Beauty is in the eye of the beholder

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We’re campaigning to make National Parks more beautiful. But what does that mean? We asked Douglas Chalmers from the Friends of the Lake District.

All of our National Parks are beautiful. Should we now be considering making them even more so? Each is different. They have been shaped by the actions of those who have lived and earned their livings in these landscapes. They have evolved, each in their own way.

So it seems strange to be addressing the question, ‘How can we make our National Parks more beautiful?’

After all, it’s hard to describe a National Park without using the word ‘beauty’ in some context. I was so puzzled when asked that I reverted to one of my techniques for dealing with difficult questions and asked other people who I thought would be able to help me. After all, ‘beauty is in the eye of the beholder’.

The Lake District

I expected comments relating to litter, dog soiling and the impact of commercial and major development but these were not topics widely voiced.

The consensus was for a more species rich, flower-filled grassland and an increase in native flora and fauna. Traffic was also a common theme; specifically a wish to reduce it, make it more sustainable and to make it affordable with the introduction of cheaper or subsidised public transport.

In addition, there was a widely held view that our National Parks would be more beautiful – or perceived as such – if our politicians accepted that they should be protected from development that is intrusive or inappropriate. This would enable National Park Authorities and Societies to concentrate on promoting what is beautiful and good rather than spending their time reacting or campaigning against the bad and the ugly.

This last point is one worth developing, specifically, how we go about increasing interest in our National Parks and nurturing a wider sense of ownership and appreciation.

Past generations had different relationships with them. Some didn’t have them. Some campaigned for them and then some were able to welcome them into existence. National Parks were desired and then appreciated. Have we reached the point where we are now taking them for granted?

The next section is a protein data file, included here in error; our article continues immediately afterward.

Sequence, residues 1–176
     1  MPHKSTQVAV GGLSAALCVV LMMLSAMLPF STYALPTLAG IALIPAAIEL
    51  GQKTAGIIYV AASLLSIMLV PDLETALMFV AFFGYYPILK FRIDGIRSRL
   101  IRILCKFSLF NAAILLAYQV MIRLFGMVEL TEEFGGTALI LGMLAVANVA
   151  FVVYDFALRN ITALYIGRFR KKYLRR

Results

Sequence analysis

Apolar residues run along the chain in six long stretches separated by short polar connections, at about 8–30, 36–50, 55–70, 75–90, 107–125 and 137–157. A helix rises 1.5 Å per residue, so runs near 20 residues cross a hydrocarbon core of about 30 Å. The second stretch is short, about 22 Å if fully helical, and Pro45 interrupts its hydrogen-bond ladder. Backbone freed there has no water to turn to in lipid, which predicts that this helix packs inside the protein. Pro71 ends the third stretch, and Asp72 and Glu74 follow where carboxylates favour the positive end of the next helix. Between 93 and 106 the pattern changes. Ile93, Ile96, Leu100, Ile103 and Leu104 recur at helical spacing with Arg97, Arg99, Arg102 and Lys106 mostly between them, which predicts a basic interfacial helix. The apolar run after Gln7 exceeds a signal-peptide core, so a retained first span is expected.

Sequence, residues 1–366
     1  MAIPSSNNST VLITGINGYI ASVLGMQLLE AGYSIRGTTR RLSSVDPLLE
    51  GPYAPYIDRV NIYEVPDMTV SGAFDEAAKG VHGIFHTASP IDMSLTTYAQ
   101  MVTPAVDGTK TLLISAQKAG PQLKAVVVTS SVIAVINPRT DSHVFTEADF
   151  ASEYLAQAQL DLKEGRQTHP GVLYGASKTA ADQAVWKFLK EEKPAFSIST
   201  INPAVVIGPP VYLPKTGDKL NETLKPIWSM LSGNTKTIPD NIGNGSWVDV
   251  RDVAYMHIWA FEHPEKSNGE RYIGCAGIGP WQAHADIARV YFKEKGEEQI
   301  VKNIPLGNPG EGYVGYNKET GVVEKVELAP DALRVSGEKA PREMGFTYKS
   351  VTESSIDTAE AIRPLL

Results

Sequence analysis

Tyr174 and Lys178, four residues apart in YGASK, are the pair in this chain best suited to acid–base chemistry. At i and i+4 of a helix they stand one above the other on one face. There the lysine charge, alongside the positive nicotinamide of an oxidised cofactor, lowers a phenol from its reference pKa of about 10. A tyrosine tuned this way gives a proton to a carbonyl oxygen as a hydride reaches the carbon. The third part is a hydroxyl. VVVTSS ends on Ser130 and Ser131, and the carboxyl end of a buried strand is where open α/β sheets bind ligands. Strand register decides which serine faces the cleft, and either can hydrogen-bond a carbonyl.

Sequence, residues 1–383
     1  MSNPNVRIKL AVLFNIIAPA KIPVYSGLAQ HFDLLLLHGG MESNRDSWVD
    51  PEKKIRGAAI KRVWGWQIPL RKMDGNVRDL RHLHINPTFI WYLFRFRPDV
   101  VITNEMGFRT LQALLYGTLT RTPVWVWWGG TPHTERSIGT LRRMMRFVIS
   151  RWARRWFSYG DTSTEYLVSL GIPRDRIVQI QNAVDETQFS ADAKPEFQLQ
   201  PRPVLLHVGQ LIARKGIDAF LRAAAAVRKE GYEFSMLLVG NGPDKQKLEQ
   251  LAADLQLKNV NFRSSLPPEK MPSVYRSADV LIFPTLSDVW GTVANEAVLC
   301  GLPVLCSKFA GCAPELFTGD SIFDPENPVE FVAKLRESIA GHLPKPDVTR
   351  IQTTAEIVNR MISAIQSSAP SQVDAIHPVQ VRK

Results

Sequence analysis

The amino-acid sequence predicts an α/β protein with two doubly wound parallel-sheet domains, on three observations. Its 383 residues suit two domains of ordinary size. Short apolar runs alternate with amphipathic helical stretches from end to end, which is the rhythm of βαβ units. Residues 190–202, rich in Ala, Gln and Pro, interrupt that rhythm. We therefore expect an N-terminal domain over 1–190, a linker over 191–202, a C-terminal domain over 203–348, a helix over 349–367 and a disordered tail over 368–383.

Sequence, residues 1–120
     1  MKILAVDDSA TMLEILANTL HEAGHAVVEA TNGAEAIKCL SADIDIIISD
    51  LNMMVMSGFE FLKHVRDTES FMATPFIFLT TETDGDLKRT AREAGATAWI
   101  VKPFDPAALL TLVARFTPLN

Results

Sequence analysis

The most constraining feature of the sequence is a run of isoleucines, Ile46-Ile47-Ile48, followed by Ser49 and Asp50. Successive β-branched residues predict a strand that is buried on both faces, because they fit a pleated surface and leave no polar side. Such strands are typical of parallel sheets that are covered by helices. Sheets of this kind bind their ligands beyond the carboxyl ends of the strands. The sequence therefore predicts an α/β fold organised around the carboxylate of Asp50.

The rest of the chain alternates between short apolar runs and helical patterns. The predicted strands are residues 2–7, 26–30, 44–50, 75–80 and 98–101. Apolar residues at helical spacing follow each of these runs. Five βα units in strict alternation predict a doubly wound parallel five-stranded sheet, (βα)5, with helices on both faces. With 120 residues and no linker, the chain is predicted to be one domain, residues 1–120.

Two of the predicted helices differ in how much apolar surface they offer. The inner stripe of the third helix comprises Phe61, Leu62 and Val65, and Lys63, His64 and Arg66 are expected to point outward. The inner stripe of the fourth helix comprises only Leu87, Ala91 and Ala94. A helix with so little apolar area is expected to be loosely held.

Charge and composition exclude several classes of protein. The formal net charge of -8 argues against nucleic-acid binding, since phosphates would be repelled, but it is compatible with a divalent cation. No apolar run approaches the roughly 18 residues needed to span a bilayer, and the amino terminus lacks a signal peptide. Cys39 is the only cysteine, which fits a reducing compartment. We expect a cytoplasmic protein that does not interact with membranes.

It wasn’t a sentiment in evidence last year here in Cumbria as we celebrated extensions to two National Parks within the county’s boundaries, the Lake District and the Yorkshire Dales. The work of Friends of the Lake District and others, including Campaign for National Parks, over many years certainly kept the interest and the appreciation of the areas’ beauty in local people’s minds, and the buzz around the time of the public inquiry into the extensions aroused national and international support.

The new extension area, Friends of the Lake District

Perhaps our efforts should be focused on making it easier to appreciate and connect with our National Parks. Building stronger connections between visitors and communities, imparting more understanding about geology, heritage, history, and culture could help everyone to find their own definition of beauty in these glorious landscapes.

This article was originally posted in our Friends magazine, Viewpoint. To receive the magazine and find out about other benefits, click here.

Please note, the opinions expressed in all our blogs are of the author, and not endorsed by Campaign for National Parks. We are hosting blogs on a variety of subjects to provoke thought and discussion about National Parks.